Dora Ella (Haller) Curtis was born at Canoe Creek, near Clinton, on July 29, 1910.
Dora was the fourth child born to Clotilda (Boitano) Sabatini and Charlie Haller. Dora was called Gramma Curtis to many friends as well as Auntie Boo, which her nieces and nephews commonly called her because of her white hair. Dora, a wife, mother, sister, grandmother, great-grandmother, great-great-grandmother, and dear friend will be missed by all those she touched during her life.
Dora had three sisters, Ella (Needles), Wilhemina May (Karlander), Elsie (Eagle) and three brothers, Charlie, Eddie, and Alvin (nicknamed Boise). Due to the classroom sizes, Dora had to attend schools all over the Cariboo: Clinton, 150 Mile House, Lac la Hache, and Springhouse – wherever they needed the students, she attended. In her teen years, Dora lived in Merritt with her aunt and uncle, Maggie and Gus Haller. Later she moved to Springhouse with her aunt and uncle, May and Antoine Boitano. This is where she met her cousin Chrissy (Pigeon). Dora and Chrissy had a strong friendship that lasted well into the years, especially with the invention of the telephone, as they would phone each other every morning at 8 a.m. precisely, until Chrissy’s passing in 1991.
Dora and her sister Elsie had a very strong bond throughout their childhood that continued until Elsie was diagnosed with Alzheimer’s and relocated to Prince George. This time was hard for Dora, but with the support of her friends and family it made the days without her more bearable.
Both the Haller and Boitano families were well known for their pioneering heritages throughout Lillooet and the Cariboo Chilcotin regions. The Haller’s were well known for their strong hand in ranching, mining, and general labourers. To this date, the Haller family name is strong amongst their communities and their ties to the native culture remains strong.
The Boitano descendants (Augustine, Clotilda’s father) immigrated from Genoa, Italy in March of 1857. Upon his arrival in the Cariboo in 1858, he staked lands 20 miles south of Williams Lake. This is where he planned to homestead, so he dug a well 30 feet deep. The well gave up water so pure and cold that in gratitude, he named his homestead Springhouse.
It was in Springhouse where Dora met Ray Curtis. He traveled to Alkali to visit on a regular basis. On June 27, 1931, Ray and Dora were the first couple to be married in the little Catholic Church on Yorston Street where the Atwood Clinic is today. Together they built their home on Third Avenue and Barnard Street in Williams Lake. They had 12 children – Mildred, Harry, Reta, Raymond, twins Darwin and Darrell, Jacqueline, Donne-Rae, Owen, Thomas, Charles, and Darlene.
Ray and Dora were always on the go. Together they traveled throughout the Cariboo. Their Knife Creek homestead was a place for the families to meet. It brings fond memories to all those who visited. There were chores, plenty of work in the garden and lots of fun with the cousins, but Dora’s special home-cooked meals and desserts made all the hard work worthwhile. Berry picking and camping were very special times for their children and many grandchildren. The Williams Lake Stampede always was a busy time at the home on Third and Barnard. The old cabin was always full of dear friends and family that had a lot to say of the days gone by. There was never a shortage of laughter and good food going around and Dora made sure no one went to bed hungry.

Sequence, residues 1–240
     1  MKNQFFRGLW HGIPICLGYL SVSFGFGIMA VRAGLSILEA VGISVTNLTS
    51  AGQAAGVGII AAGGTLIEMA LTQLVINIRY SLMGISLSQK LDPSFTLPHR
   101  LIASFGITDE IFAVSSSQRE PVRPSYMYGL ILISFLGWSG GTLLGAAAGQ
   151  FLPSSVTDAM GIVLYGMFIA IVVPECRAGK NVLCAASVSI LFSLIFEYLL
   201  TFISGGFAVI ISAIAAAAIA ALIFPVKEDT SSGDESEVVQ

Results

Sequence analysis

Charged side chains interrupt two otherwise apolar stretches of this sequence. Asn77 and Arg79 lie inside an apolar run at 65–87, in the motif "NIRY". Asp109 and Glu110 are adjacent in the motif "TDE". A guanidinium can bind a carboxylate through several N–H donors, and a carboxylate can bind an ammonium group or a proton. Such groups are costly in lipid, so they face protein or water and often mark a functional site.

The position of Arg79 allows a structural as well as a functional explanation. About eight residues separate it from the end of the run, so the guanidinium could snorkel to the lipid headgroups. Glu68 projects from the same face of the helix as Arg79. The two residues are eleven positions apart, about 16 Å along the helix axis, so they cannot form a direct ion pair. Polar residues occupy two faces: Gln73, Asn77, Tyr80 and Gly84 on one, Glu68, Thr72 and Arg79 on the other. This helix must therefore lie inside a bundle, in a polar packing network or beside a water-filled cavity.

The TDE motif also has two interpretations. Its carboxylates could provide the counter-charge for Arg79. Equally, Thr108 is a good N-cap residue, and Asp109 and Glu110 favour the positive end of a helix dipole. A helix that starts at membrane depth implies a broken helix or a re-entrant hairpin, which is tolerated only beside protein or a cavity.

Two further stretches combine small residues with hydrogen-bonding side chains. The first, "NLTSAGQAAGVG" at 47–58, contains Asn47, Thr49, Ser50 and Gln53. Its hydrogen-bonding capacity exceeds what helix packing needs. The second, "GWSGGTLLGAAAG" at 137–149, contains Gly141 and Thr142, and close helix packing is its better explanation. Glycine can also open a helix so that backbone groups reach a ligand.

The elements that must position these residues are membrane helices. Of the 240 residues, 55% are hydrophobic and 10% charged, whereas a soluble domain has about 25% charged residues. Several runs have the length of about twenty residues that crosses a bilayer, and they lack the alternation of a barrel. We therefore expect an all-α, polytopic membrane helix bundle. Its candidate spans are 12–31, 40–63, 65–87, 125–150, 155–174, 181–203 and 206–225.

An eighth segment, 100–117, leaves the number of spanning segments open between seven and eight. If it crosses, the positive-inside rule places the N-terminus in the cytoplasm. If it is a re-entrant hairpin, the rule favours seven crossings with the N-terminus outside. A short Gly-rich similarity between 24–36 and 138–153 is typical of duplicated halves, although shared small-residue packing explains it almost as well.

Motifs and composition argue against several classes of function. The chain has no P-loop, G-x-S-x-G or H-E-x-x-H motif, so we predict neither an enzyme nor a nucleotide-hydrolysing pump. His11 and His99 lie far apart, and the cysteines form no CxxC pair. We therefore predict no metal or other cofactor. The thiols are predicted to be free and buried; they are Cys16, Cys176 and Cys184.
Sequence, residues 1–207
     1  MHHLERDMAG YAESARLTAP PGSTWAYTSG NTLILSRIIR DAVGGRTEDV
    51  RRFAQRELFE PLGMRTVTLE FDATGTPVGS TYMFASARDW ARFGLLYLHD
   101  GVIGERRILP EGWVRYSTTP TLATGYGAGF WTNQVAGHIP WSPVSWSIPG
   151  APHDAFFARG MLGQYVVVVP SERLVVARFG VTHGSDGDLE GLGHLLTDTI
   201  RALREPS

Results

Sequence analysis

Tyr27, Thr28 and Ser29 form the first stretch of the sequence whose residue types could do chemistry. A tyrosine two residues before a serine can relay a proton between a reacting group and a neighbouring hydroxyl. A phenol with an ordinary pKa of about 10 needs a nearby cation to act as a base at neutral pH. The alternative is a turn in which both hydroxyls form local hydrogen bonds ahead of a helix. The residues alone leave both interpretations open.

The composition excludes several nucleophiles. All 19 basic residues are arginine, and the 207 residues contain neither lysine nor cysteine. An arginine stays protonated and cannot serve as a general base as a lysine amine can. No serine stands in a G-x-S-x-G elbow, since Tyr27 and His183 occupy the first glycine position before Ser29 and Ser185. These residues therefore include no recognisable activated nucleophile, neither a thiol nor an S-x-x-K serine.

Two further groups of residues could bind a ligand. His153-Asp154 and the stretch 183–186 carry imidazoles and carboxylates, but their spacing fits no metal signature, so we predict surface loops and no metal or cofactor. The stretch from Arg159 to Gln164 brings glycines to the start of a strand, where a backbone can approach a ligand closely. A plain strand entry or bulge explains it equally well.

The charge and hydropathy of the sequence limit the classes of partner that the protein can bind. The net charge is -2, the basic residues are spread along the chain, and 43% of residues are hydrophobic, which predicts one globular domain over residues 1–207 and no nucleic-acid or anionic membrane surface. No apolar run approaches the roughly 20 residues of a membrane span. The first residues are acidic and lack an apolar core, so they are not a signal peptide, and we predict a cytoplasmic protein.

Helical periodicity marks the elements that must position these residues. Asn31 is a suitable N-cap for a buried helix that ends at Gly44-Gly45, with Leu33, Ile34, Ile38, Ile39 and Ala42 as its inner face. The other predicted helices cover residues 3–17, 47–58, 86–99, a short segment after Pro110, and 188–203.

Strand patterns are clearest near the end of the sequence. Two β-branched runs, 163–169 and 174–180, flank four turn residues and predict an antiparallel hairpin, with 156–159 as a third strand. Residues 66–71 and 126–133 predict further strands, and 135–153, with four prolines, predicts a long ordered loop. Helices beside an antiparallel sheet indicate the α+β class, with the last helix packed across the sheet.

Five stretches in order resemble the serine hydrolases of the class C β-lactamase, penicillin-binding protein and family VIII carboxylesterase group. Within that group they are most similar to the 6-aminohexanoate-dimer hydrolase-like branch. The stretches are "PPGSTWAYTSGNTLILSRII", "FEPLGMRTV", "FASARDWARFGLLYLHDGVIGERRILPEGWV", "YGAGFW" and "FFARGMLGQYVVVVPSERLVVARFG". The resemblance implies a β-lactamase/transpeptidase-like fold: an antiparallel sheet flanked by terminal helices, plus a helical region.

Ray and Dora sold their home on Third and Barnard in the 1980s and relocated to a home on Dog Creek Road. After a few years on Dog Creek Road, they moved back into Williams Lake and lived on Fourth Avenue. There was always a picnic lunch ready to go, for every day was a new venture.
Ray passed away on May 24, 1991 at the age of 81, just three weeks short of their 60th wedding anniversary. This was a very hard and trying time for Dora but there was always someone there to take her out for lunch and most importantly, out for a drive. After selling her home on Fourth, Dora moved to Cariboo Lodge. In the fall of 2002 at the age of 92 years, Dora was relocated to Deni House. The new Williams Lake Seniors Village is where Dora spent her final days, until her passing on March 27, 2005, at the age of 94.
Dora always held her family and loved ones dear. There always seemed to be another one on the way and to the end of her days, Dora left knowing that she had 24 grandchildren, 37 great-grandchildren, and three great-great-grandchildren. What an amazing lady to have such a great extended family and she always wanted to know what everyone was up to. To that end, we must say, Dora lived a very exciting, prosperous and meaningful life to have given us that entire legacy to cherish.
May you rest in peace Mom, for now you’re with your ‘cowboy.’ Happy trails to you both until we meet again.
As she would always say “too-to-loo old thing.”
Dora was predeceased by her husband Ray, children Harry, Rita, Raymond, Darwin, and Owen. She is survived by Mildred (Gordon) Gibson, Darrell, Jackie (Buzzi) Frizzi, Donna-Rae (Tommy) Ilnicki, Tom, Charlie, Darlene (Tom) Wheeldon.
Special thanks to Father Tony Ackerman, organist Edie Borkowski, native singers Cecilia DeRose, Margaret Gilbert, and Dale Benastick. Eulogy by Dan Curtis (grandson); pallbearers and honourary pallbearers; ladies of the Sacred Heart church for the lovely tea.
The family would also like to thank all their friends and family for their beautiful flowers, cards, food, and outpouring of love and support they received at this time; and for the kind donations to the Museum of the Cariboo Chilcotin.
Thank you all for your attendance at the service. Thank you to all who worked at Cariboo Lodge, Deni House, and Williams Lake Seniors Village and those in all level of work and the many volunteers who helped make her stay a pleasant one.
Thank you to Luc LaPrairie for his great service.
The Curtis families